Ronda Rousey’s Career Isn’t Possible Without Rena Kanokogi, The Trailblazer For Women’s Judo

Rena "Rusty" Kanokogi
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Ask anyone on the staff of the U.S. Judo organization and they’ll tell you that if it wasn’t for Rena “Rusty” Kanokogi, there might not be a judo industry for women to compete in. Rena had to battle bureaucratic enemies with the same amount of vigor she applied to her opponents on the judo mat. But Rena was born to scrap, and when she wasn’t hip-tossing opponents, she was pushing the women’s agenda in the hopes of making judo an olympic sport. Were it not for Rena, Ronda Rousey would have never been able to ply her skills at the 2008 Summer Olympics, an event that helped propel Rousey into the stratosphere of mixed martial arts. And if it wasn’t for that, who knows when we’d see Ronda in a cage taking limbs as trophies?

Rena Kanokogi, who passed away in 2009 at age 74, was born in Brooklyn by the name Rena Glickman, and with a bayonet strapped to her leg, she led a street gang of females called The Apaches through the tattered remnants of Coney Island and Luna Park. They were tough, and looking for trouble, but on the streets of New York, Rena found something else. A man she met on Flatbush Avenue had taken up the practice of judo, a martial art he had picked up while in the military. That man taught Rena some maneuvers, and the New York rebel began to see the activity as an outlet, and a way out of her gang lifestyle.

Rena spent countless nights training at that dojo, and in 1959, she decided to put her skills to the test at the Y.M.C.A. championships in Utica, New York. Before her bout, Rena — who had already cut her hair short to resemble a man — taped down her breasts and competed in the male division. She won her bout, but when an official placed a medal around her neck during the award ceremony, he noticed something was different about Rena. Taking her aside to an office, he asked her if she was a female. She admitted to the lie, and was stripped of her medal.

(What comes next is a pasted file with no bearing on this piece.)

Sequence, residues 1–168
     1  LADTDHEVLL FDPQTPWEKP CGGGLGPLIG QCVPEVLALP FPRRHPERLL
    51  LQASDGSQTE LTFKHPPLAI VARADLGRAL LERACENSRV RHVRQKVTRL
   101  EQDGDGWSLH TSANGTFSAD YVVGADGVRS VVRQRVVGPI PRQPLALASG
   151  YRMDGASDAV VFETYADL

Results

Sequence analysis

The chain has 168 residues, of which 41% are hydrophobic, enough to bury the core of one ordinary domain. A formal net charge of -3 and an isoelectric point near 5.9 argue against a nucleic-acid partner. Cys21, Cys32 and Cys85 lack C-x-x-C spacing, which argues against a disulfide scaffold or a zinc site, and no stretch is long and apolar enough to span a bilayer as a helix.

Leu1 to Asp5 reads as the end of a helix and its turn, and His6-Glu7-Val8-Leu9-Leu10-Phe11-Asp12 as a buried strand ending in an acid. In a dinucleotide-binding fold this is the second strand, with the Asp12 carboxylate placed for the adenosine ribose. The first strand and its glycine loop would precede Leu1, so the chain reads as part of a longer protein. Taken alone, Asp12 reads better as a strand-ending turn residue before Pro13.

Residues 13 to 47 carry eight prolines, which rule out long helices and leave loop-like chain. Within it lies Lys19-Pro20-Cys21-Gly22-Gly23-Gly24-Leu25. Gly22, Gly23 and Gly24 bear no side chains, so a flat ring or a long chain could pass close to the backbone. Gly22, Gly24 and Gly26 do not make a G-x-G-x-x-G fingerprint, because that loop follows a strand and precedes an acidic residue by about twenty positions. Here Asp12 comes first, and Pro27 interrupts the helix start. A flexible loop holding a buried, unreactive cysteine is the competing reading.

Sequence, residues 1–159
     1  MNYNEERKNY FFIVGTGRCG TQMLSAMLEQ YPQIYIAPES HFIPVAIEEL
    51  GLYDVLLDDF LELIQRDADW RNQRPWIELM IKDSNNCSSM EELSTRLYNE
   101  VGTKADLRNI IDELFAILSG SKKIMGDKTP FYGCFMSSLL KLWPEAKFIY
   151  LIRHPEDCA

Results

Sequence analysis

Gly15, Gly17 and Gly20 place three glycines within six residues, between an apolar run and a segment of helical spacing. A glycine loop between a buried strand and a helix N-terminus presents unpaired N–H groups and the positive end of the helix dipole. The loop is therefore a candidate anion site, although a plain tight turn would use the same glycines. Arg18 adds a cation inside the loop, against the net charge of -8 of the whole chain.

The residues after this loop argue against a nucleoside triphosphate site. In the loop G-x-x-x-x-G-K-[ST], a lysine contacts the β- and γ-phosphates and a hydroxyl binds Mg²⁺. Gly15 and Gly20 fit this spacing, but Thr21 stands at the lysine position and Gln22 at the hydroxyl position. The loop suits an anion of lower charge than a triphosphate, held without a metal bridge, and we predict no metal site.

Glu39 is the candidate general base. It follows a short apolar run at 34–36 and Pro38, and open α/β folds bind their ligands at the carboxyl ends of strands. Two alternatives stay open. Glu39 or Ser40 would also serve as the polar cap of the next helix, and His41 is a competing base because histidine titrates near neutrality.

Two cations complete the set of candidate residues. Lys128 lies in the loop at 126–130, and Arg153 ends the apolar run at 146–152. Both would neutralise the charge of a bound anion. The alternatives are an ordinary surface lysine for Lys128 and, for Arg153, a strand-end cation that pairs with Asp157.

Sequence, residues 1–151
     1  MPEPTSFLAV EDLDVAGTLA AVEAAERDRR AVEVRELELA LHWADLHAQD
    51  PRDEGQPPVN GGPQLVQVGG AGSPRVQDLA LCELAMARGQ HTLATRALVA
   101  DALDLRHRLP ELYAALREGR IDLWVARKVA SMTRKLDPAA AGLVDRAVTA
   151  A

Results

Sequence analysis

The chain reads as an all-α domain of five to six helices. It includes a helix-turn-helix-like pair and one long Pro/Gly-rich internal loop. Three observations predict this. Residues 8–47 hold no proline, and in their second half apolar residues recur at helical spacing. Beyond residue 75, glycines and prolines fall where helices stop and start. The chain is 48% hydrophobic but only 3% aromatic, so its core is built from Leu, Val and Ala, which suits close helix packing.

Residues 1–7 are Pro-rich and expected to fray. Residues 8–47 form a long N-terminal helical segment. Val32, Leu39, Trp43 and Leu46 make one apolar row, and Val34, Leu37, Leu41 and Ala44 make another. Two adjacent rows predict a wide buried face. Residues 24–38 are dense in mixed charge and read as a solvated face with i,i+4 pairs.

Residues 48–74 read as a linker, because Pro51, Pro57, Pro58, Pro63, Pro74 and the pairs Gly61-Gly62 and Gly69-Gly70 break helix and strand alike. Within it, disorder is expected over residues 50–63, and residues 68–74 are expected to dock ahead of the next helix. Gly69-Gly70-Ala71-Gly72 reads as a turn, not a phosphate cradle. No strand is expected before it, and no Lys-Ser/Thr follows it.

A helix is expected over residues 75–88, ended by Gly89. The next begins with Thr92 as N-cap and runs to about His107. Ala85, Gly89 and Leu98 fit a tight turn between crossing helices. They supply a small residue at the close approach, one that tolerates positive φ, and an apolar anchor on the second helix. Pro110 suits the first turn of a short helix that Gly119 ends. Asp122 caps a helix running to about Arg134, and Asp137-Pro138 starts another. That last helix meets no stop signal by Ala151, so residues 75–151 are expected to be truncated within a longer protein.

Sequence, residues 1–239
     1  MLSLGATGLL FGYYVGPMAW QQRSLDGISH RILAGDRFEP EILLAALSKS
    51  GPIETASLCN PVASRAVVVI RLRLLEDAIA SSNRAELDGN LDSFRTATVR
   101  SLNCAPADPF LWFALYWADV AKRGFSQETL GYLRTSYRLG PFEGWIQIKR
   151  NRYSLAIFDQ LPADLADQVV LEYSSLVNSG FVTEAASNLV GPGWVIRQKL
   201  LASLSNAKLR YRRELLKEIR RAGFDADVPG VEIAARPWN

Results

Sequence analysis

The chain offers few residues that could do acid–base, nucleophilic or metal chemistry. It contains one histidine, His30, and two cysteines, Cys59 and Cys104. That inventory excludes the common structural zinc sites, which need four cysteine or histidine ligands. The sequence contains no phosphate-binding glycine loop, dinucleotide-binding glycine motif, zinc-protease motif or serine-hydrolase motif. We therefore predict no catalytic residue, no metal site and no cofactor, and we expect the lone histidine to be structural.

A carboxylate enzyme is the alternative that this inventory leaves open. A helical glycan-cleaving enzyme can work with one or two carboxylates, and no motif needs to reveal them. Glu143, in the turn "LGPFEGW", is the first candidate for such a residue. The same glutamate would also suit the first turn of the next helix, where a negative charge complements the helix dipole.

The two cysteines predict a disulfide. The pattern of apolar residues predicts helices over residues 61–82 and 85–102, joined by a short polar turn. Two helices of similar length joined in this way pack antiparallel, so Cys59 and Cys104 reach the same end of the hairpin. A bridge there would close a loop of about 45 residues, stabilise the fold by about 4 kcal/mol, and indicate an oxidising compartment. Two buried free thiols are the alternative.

“Had I said no,”she told the New York Times, “I don’t think women’s judo would have been in the Olympics. It instilled a feeling in me that no woman should have to go through this again.”

In 1962, Rena decided to further her studies in the art of Judo by traveling to Tokyo. It was there that she would meet her future husband, and when she returned several years later to the states, she was considered one of the best judoka in the world. The problem was, there was no competitions to test her skills. Rena sought to change that.

Working tirelessly, Rena wrote letters to and lobbied every sporting committee she could get her hands on, including Olympic committees. Some groups were beginning to sway, but with her patience thinning, Rena financed her own women’s judo world championships at Madison Square Garden in 1980 by mortgaging her home. Her hard work and advocacy were paying off, and at the 1984 Olympics in Los Angeles, judo was made an exhibition sport. By 1988, though, it had finally earned its place as an Olympic medal sport. Rena coached the women’s team that year.

Corinne Shigemoto, the COO of U.S. Judo, who also trained under Rena in the ’80s and ’90s, remembers her fondly.

“She was aggressive,” Shigemoto told Uproxx Sports. “She never gave up. She always pushed us, always fought for us no matter what. (She was) very passionate about what she did.”

Rena’s efforts did not go unnoticed. In 2008, she received the Order of the Rising Sun from the Japanese government, one of the highest honors a foreigner can receive. In 2009, she received a gold medal from the Y.M.C.A., the same medal that she was stripped of when she was found to be a female. By 2009, though, “Rusty” had no fight left in her. She passed away at 74 due to complications from her battle with cancer, and left this earth as a hero to female athletes.

“She put us on the map,” Shigemoto said about Rena’s contributions to women’s judo. “I can remember walking through the lobby and if there was a reporter there covering judo, she would be over there. She would just invite herself over and promote women’s judo and the U.S. female athletes. She never waited for them to approach her, she was always pushing … because she knew that that would and could turn into something bigger. (Without her) we would be behind. Years behind.”

What about Ronda Rousey? Would she exist if it weren’t for Rena?

“She started this for women way back when I first started many, many years ago; we were just an afterthought,” Shigemoto said. “So, in a roundabout way, I think (Ronda) would have gotten there, but I think it would have just taken longer.”

Like many things in this world, though, some memories turn to ash more effectively than others. When asked how Rena “Rusty” Kanokogi is remembered these days within the current crop of female judokas, she gave a bittersweet response.

“The athletes of my generation, (remember her) absolutely. In a good way, she was an in-your-face type of person, and she was always around. Unfortunately with her gone, her presence is not there. For some of those athletes that are coming up, that we are not around, unfortunately, that’s lost.”